And I think with every act of faith in this form, the forces of darkness shudder.  Shudder at our snoring.


A Comma of Errors?--Eph 1:4

There are no commas in Greek, there are really, really long sentences, and it sometimes is a problem.  A simple comma can change everything.  Sometimes it is significant, sometimes it doesn't change much.

The other day I decided to look up something in Greek in Ephesians.  I had studied ancient Greek for 3 years in college.

Here is the Greek literal translation of Eph 1:4-5:

"He chose us in him before the foundation of the world to be be holy and without blame before him in love he chose beforehand for to be adopted as sons through Jesus Christ."

 No commas in Greek (at least in the original).  But the Bibles add the commas for us English readers.  Read the difference from the KJV and every other translation.

KJV:  "He chose us in be holy and blameless before him in love.  He predestined us...."

Everyone else:  "He chose us in be holy and blameless before him.  In love, he predestined us..."

The change matters. 

Is he asking us to be holy and blameless in our love?
Or is he saying it was in love he predestined us?

Very different. 

And for a moment I felt encouraged.  I'm not a KJV only person by any means, but to be holy and blameless in love?  For me that draws me more than just being holy and blameless and that's it.  To be holy and blameless in love gives me mission and grace.

It's also nice to think that in love he predestined us to be adopted as sons.  Adoption in love is assumed as it is an eternal covenant.

The Greek is not clear as to which way "love" goes.  That's why the different translations. 

But for now I'm leaning toward the KJV rendering.  We're to be holy and blameless in our love.  It means my love must mature.  Not just my moral uprightness.   Things to ponder.

Saturday, January 9, 2016

A-salted--Mt 5:13

"You are the salt of the earth.  If salt loses its saltiness, how can it be made salty again?"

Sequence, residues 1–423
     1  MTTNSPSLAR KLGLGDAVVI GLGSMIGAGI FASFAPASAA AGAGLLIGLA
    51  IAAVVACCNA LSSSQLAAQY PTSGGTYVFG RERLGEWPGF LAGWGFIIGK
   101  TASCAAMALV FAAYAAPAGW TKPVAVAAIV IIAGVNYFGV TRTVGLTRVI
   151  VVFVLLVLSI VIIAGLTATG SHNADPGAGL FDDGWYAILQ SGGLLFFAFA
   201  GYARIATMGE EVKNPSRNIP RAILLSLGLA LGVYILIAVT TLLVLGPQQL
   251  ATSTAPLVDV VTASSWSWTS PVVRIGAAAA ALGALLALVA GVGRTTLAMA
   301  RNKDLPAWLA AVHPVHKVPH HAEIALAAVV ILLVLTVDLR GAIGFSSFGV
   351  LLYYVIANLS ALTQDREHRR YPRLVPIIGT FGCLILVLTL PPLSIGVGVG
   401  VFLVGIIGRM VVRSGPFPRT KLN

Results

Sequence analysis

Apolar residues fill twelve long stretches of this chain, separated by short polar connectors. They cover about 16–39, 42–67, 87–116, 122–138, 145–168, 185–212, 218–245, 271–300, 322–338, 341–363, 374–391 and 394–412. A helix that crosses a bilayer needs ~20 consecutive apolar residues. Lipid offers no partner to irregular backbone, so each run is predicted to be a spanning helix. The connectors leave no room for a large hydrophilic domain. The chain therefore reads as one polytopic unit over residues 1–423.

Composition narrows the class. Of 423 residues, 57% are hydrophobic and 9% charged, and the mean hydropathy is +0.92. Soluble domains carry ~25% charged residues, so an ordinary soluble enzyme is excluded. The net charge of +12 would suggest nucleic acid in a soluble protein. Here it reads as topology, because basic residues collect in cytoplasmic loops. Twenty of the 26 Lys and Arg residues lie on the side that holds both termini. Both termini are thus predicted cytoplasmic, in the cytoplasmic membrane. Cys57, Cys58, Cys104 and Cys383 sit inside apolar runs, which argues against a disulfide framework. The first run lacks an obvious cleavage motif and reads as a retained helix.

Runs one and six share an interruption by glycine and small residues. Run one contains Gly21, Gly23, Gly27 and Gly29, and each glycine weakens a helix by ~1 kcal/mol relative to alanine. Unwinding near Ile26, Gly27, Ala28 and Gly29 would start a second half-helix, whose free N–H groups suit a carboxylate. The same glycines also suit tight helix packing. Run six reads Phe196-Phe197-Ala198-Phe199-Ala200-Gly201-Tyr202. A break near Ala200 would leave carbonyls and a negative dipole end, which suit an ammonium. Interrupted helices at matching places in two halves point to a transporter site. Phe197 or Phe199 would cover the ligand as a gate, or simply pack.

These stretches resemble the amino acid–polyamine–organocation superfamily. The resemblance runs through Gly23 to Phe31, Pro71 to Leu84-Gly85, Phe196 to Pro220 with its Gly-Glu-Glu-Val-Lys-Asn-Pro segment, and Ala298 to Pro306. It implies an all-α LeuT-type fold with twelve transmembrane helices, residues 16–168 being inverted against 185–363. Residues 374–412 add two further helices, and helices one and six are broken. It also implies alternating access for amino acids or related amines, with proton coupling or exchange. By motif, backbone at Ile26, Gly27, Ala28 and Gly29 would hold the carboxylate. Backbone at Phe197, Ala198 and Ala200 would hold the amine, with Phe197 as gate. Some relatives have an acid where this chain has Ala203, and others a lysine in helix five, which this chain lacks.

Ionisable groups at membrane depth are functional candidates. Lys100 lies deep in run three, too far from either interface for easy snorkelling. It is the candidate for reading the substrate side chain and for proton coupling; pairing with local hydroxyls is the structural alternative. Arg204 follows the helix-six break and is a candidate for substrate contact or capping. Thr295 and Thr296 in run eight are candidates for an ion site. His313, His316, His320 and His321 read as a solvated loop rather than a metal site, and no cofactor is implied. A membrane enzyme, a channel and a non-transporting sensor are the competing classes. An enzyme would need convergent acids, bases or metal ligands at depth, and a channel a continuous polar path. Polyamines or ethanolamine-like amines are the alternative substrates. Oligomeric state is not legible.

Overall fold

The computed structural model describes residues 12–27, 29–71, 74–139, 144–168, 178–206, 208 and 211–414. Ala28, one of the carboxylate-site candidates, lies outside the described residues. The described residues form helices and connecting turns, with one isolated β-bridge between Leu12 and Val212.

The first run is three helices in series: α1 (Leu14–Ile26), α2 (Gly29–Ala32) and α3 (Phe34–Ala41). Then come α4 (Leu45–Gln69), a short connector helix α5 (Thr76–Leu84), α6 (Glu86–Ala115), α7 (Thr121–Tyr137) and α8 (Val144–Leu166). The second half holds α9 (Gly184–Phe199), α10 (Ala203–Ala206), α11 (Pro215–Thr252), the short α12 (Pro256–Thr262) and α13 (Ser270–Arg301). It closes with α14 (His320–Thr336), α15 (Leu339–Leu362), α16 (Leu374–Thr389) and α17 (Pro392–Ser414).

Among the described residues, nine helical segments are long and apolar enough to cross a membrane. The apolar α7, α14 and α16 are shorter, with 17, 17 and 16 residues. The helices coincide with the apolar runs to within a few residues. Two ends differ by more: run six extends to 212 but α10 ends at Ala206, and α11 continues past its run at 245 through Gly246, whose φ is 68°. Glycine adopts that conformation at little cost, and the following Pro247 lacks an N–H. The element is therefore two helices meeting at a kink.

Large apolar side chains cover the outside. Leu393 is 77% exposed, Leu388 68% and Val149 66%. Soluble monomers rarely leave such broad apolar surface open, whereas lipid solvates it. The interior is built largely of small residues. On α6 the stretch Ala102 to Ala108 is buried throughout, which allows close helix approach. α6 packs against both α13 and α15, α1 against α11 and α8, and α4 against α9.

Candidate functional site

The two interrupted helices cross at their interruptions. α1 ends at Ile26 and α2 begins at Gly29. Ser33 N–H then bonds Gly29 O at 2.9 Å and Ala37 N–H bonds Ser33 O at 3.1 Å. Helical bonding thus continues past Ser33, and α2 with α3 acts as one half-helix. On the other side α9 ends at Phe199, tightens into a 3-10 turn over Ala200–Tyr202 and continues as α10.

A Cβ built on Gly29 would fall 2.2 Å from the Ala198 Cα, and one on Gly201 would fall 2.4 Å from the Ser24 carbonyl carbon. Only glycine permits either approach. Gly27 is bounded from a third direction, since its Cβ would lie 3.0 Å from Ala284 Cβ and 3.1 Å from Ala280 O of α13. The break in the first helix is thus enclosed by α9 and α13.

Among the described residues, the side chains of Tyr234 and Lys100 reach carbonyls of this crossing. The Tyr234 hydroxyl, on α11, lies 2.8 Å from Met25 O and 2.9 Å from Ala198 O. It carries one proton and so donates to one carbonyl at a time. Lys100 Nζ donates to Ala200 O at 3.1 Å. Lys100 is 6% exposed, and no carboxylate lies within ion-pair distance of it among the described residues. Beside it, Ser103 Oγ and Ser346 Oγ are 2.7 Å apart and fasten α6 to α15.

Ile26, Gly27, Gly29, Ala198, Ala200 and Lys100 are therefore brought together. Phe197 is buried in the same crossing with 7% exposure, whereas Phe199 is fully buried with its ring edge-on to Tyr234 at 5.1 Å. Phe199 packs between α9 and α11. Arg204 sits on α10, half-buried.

In a land of refrigeration, we fully underestimate the value of salt.  It meant life.  I preserved food which was essential and was so valuable that it was often used to pay wages.  Pliny the Elder (1st century guy) stated that the word "salary" came from the word "salt" as the Roman soldiers were often paid in salt.  It's where we get the expression, "worth their salt."  Ancient Chinese considered salt second only to gold in value.

The question that often arises is the chemist's question.  How can salt lose its saltiness?  Hyrdrochloride (salt) is one of the 3-4 most strongest compounds in the world.  So did Jesus not pass chemistry class?

Indeed in the context of the day, he did know.   Salt cannot be broken down and separated except from water that would cause dilution but this isn't necessarily something you can "toss out and trample by men..  Yet there was in a sense a way salt could "lose its saltiness."  The Dead Sea is very mineral rich and also has so much salt one can literally sit in the water.  The problem was that
other minerals could adhere to salt molecules--nasty ones like boron, magnesium and bromides.  When salt became overloaded with other minerals, the salt with its attachments became useless and worthy of being "tossed out"and "trampled by men."   It was an illustration that an entire crowd of people could relate to as they needed good salt to preserve their food.

But we must be careful to not get so caught up in the science that we lose Jesus' point.  If salt loses its ability to be useful because it has adhered to other things, it is worthless.  There is a warning in this text.

So what does this all mean?   There are seemingly endless applications.  One needs to read the Scripture more or be careful of attachments or not get diluted by the world.  All good.  What we do know Jesus was saying that salt had a capacity to have a form that was not useful if it became compromised.  In the context of pressure, persecution and just life in general, this is readily understandable.  Something that is compromised is almost never beneficial, be it a trust, a relationship, or one's life in Christ.